I started writing this post with the intention of discussing Gary Bernhardt’s conclusions in his talk, A Whole New World. Gary makes what I think are some really good points about infrastructure, tooling, and the paralysis we seem to sometimes have around it. I wanted to expand on that a bit, while also tying in my frustrations with what I personally see as techs with much more sizzle than steak, such as Node.js and MongoDB.
As feedback continues to roll in, I begin to think that perhaps I stretched this thesis too thin. The point I was trying to get across is that I feel like people choose technologies that make initial strides simple, but fail to address real challenges that I think other tools handle better. I certainly could have argued this better, and many of you have made very valid criticisms of what I have said below. My crystal ball tells me that next week’s post may be a follow-up saying as much.
At any rate, many thanks to everyone who offered feedback. It has been quite the discussion. Now, back to our regular scheduled programming.
We have a shipping culture. For the last several years, we have been told that the best way to put out good software is to iterate quickly. Get something, anything, out to your customers or users, because the best way to build software they want is to get it into their hands and let them tell you everything they like and everything they hate about it. Jeff Atwood echoes this sentiment with the Better Off Dead quote,
Go that way, really fast. If something gets in your way… turn.
Seth Godin says,
Ship often. Ship lousy stuff, but ship. Ship constantly.
You’ll find people everywhere saying the same thing.
This isn’t bad advice. Quickly getting something in front of the people that will actually use it is a great idea. It means you waste less time building something they don’t actually want. But I look around the industry today and I get worried. Don’t get me wrong – I see brilliant people shipping brilliant, innovative software. But I also see a lot of us using half-baked technologies to shove half-assed software out the door.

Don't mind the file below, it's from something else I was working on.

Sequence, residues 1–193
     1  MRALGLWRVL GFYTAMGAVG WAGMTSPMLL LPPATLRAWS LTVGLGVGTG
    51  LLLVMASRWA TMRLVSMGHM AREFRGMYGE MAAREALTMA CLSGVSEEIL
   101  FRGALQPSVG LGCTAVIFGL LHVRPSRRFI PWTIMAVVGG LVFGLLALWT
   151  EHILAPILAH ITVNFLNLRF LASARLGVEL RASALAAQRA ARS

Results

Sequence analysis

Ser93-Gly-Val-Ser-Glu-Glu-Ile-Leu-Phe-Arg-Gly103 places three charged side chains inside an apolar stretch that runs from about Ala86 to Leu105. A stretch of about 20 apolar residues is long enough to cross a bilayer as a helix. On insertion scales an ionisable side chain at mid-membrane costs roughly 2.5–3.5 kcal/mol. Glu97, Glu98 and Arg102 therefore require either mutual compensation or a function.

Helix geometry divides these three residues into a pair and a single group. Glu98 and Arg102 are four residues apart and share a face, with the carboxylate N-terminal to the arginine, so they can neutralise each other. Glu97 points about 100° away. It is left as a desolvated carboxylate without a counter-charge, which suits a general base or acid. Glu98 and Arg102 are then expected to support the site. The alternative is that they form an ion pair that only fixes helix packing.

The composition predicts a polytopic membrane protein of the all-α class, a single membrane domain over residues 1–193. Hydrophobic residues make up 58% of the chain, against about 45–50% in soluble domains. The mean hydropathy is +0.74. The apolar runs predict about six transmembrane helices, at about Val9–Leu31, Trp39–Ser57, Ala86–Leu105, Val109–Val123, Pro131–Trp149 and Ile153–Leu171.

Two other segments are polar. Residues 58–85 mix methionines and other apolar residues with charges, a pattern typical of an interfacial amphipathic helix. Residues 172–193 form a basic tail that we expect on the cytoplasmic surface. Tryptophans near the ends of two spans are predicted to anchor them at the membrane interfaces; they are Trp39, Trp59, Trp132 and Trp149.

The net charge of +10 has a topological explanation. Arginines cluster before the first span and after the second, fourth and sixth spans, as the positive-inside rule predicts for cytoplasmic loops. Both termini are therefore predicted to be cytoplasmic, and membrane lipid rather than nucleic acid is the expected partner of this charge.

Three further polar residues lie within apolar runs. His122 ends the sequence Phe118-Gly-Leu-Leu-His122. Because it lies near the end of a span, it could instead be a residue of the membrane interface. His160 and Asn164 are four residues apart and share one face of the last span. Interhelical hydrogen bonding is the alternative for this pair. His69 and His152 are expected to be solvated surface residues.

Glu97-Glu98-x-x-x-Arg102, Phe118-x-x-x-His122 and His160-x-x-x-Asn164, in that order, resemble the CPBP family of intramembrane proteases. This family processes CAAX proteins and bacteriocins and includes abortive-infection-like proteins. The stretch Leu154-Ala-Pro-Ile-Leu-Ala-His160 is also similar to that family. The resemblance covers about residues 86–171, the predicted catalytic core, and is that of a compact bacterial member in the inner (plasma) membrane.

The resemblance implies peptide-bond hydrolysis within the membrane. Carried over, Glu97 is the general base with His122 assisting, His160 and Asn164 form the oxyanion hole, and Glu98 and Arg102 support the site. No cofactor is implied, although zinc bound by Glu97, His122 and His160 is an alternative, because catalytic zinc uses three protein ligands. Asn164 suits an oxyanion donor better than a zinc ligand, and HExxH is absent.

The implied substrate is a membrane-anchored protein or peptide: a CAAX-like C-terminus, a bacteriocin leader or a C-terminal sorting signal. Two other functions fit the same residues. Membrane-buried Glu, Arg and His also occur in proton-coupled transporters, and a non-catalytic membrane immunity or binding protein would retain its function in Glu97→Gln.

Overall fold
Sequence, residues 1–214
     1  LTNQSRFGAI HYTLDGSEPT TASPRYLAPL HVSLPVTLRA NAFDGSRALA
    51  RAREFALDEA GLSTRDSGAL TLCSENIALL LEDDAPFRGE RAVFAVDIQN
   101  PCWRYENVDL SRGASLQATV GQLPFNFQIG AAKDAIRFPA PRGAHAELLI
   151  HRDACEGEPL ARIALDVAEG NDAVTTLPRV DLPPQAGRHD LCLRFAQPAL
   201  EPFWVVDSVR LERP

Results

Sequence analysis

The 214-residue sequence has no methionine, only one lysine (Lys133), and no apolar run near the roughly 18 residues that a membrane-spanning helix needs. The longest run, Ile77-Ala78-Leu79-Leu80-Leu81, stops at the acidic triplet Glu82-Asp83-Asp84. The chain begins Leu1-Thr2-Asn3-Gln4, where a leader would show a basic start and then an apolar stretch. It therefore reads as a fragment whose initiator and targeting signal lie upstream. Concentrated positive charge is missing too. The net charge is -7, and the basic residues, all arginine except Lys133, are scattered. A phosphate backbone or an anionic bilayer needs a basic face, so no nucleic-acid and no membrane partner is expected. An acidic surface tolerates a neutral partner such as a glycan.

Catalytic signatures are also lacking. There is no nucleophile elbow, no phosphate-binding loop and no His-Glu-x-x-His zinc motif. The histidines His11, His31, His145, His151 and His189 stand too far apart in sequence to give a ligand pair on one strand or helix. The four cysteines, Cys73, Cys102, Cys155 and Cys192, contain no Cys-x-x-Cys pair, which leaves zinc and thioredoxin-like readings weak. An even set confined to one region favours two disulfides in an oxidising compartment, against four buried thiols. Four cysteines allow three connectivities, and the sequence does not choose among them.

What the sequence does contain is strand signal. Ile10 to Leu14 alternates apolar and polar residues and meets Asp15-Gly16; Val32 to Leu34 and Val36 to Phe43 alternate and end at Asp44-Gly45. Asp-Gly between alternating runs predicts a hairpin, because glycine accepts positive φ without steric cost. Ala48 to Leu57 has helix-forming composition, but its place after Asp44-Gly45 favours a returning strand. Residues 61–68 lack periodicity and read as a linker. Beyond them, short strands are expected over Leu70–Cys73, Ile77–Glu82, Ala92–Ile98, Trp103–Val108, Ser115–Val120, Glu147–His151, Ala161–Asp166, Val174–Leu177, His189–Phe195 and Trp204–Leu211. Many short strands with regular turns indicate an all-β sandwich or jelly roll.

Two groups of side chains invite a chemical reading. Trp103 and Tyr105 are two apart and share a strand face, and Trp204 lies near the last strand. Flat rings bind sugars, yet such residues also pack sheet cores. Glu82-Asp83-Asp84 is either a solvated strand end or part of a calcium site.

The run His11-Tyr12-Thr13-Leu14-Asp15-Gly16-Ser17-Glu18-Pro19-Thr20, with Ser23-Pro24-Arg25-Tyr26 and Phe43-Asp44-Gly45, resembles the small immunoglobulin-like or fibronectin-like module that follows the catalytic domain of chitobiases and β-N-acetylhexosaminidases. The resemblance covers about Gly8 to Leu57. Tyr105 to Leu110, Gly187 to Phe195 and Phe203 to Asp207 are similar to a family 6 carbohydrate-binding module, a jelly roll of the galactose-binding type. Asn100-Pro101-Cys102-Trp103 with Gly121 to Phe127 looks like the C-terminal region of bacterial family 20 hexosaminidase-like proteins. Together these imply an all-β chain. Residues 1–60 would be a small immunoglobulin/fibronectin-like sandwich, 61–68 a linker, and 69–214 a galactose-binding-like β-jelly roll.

I see an insane amount of the industry doing very serious business with
a language designed in ten days for the purpose of
“mak[ing] the monkey dance when you moused over it”
in a 1995 web browser.
Since it was made for such simple tasks,
the language lacks basic features one might expect from any programming language, like integers or a sane type system.
Instead we get some bizarro-world where you can call functions with the wrong arity, where
NaN !== NaN*,
and a chart like this exists
for something as simple as comparing two values.
I see an insane amount of people using a database that has become infamous for unreliability. Even if those concerns have been addressed, it’s hilariously insecure by default and the recent announcement of the newest version gives no indication that its creators care at all about ACID transactions, a traditionally desired property of any database.
Why does anyone who writes code professionally use these technologies instead of laughing them out of the room? You can’t just categorically dismiss every single developer who employs them as an idiot. That’s too easy — to do so would be a cop-out. They aren’t all idiots, and some software built with these technologies is half decent. Why then, are Node.js and MongoDB popular? It is (at least in part) because they appeal to the shipping culture. Both systems give you a lot out of the box, or make it easy to learn the basics. They are easy to set up and start using for your next project. “Who cares if people give them shit on the internet?”, you say. “These tools are working for me right now. They get the job done, and fast. Ship it.”